There is hearsay that when Babasaheb Ambedkar was requested by Pt. Jawaharlal Nehru to draft a constitution for independent India on West Minister model, Ambedkar, at first, did not acceptthe request manly on historical, social, cultural and economic grounds. He thought that on all accounts there was differencebetween the newly independent India and the United Kingdom of Great Britain and Northern Ireland. However on Pt. Nehru’s insistence, he took up the responsibility and drafted a west minister model constitution for independent India, which was later on adopted by the constituent assembly. Here it may be added that Jayaprakash Narayan –the great socialist leader, and some other political leaders, too,had a doubt of the smooth functioning the multi-party system in a country like India. In addition he had urged for introducing a "Partyless democracy "and a partyless type of government in India.
Nepal has a multi party system for some years. The manners in which the system has worked and the leaders have behaved under the garb of this system, doubt are being raised on its success. Because of these reasons, some sections of the society have the nostalgic remembrance of the Partyless democracy, the country had for three decades between the beginning of the 1960's and late 1940's. Others have started raising doubt whether Nepal could sustain the multi-party system, as it has, so far, failed to deliver the desired results and meet the expectations of the people? In this context, the question before us – should Nepali people is to remember popular saying, "Roaming and roaming near and too far, ultimately landing back to Rumjatar."[Ghumi firi Rumjatar] – i. e.,going back to the pre 1990 period? But that is not at all possible. Because, political party is an organized group of people who stand for certain principles and policies by whose operation they seek to promote the welfare of the country. Also, there is no doubt that political parties (as against small groups and factions based on personal allegiance instead of principles and programmes)render a valuable service in clarifying issues and policies and in carrying out the electoral mandates of the electorate. Without systematic guidance by political parties, the average voter would find himself entirely at sea. In other words, the political parties help individual voters to see their way through a maze of intricate and conflicting policies.They help to make the electorate’s opinion articulate and concrete. In this context and a country which has followed a party based political system, Nepal can't think of going back to the days of partyless political system.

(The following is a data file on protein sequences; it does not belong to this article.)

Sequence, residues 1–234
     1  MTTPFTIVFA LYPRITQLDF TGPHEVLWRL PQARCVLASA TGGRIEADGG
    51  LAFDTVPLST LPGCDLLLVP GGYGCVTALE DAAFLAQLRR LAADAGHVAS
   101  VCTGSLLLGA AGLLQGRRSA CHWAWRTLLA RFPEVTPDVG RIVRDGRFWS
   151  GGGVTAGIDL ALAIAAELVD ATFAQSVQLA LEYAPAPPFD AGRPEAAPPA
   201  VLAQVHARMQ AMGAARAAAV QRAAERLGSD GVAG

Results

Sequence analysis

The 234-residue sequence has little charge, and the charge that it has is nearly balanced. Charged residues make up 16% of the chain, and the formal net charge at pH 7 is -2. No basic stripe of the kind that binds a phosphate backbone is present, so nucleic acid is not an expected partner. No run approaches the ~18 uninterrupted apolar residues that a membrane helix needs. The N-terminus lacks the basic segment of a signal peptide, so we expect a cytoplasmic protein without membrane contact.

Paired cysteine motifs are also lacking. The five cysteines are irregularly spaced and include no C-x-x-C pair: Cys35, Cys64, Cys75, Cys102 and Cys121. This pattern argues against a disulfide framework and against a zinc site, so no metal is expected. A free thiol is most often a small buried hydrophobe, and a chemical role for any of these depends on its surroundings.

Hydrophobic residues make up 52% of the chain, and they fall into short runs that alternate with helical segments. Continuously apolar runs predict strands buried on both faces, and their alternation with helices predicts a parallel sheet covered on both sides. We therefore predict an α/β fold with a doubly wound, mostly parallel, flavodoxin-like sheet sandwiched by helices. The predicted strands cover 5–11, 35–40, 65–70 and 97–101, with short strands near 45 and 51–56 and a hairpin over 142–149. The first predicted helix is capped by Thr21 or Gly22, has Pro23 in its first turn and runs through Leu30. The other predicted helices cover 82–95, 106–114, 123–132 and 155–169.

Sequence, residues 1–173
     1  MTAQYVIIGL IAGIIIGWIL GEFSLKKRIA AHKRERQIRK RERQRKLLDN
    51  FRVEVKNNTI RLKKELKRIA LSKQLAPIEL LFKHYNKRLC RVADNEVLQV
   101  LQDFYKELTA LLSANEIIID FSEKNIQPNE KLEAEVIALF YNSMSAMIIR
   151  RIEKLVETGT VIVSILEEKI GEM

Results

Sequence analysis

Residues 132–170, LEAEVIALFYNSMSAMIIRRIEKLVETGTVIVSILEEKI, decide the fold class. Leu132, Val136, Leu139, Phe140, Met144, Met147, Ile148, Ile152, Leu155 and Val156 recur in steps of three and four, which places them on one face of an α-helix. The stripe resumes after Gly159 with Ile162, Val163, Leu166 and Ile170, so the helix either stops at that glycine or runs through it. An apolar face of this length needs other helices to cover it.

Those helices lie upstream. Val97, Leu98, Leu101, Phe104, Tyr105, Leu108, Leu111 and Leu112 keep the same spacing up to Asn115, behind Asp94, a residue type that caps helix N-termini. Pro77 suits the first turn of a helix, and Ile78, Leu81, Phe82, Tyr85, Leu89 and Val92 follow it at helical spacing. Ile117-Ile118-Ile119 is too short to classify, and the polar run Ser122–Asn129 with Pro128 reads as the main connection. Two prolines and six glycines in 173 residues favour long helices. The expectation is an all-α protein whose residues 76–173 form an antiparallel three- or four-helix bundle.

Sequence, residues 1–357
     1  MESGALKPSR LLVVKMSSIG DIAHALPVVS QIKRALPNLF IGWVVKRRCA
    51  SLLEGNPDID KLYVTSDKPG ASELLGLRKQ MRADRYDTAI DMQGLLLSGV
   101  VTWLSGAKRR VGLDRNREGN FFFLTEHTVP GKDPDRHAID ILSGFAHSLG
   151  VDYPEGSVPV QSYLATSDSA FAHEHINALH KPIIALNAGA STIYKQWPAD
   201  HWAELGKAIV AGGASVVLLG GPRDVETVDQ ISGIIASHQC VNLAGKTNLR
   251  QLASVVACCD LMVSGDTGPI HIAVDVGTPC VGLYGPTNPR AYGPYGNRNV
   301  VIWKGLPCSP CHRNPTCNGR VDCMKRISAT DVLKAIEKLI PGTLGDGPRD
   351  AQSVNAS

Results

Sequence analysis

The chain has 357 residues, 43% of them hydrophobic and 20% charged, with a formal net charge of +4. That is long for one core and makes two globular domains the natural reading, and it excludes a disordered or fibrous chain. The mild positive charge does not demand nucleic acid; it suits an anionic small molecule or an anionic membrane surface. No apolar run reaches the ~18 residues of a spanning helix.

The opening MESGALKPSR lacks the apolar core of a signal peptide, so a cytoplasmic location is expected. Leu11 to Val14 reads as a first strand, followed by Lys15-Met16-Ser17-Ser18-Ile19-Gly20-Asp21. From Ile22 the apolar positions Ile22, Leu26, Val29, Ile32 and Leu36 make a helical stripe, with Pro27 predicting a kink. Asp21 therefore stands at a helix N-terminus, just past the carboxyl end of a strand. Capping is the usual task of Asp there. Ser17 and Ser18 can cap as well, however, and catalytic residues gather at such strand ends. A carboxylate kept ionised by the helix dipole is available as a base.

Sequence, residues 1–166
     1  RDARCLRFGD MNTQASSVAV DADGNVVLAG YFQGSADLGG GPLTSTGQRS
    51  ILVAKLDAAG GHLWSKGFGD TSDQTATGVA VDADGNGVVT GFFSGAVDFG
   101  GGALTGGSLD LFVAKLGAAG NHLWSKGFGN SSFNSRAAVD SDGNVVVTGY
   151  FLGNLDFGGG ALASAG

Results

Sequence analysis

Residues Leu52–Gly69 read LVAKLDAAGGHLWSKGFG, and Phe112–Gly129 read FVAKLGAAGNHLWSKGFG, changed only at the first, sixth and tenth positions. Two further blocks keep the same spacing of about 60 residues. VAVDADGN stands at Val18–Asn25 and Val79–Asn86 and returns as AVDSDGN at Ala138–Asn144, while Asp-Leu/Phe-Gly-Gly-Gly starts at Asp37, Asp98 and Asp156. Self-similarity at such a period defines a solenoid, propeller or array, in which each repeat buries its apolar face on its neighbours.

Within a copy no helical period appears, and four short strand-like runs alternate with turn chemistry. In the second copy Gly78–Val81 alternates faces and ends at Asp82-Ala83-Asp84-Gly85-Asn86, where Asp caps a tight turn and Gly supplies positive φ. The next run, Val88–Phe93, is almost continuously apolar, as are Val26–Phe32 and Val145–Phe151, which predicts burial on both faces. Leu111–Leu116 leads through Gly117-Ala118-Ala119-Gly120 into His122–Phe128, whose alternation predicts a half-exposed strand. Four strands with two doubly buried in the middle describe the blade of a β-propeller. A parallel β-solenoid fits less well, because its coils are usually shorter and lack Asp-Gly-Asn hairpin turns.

But political parties have their dark side too. The party mentality is very often a partisan mentality, and the parties become corrupt and even exercise tyranny over their representatives in the legislature and also over the general public. The rigid party machine develops vested interests. Since its primary aim is to succeed in capturing power, it adopts all sorts of means, fair and foul, to secure it. Many of the dubious vote-catching devices which political parties adopt directly encourage corruption and spoil the moral and social structure. The party sprit often works up passions and prejudices. Parties corrupt the administration through the spoils system, as in the U.S.A. the party set-up leaves little room for individual initiative and independence of judgment.
In Nepal and where there is the multiple party system which complicates matters, confuse the voters each small group presenting in own programme and yet having little chance of forming the government. Hence there is a sense of irresponsibility. Where small groups unite and form a coalition. The government is always weak-kneed and unable to function effectively and with vigour. But it has also been seen or experienced that despite the fact that political parties have weakness, the party based political system has worked very successfully where there are only two major parties, as in Britain and the U.S.A., each functioning in a highly responsible manner since it provides a viable alternative to the party in power.
In sum, even though political parties have their drawbacks and suffer from many inhibitions, they are indispensable for a parliamentary democratic system, which Nepal has also adopted. It is, therefore, pointless to talk of a party less democracy in Nepal or anywhere else. The stress should rather be on strengthening the party system, by enforcing discipline and emphasizing programmes rather than personal loyalties, eliminating splinter groups, enlightening the electorate on the national issues and on the merit of the contending parties which alone should be the consideration for determining who deserves the vote. The failure of the party system in a country is a reflection on the people themselves.
While a partyless democracy cannot function, a partyless government generally can, at least for some time, since it would consist of independent unattached persons not owing allegiance to any particular political party but judging issues purely on merit, regardless of the ideological implications.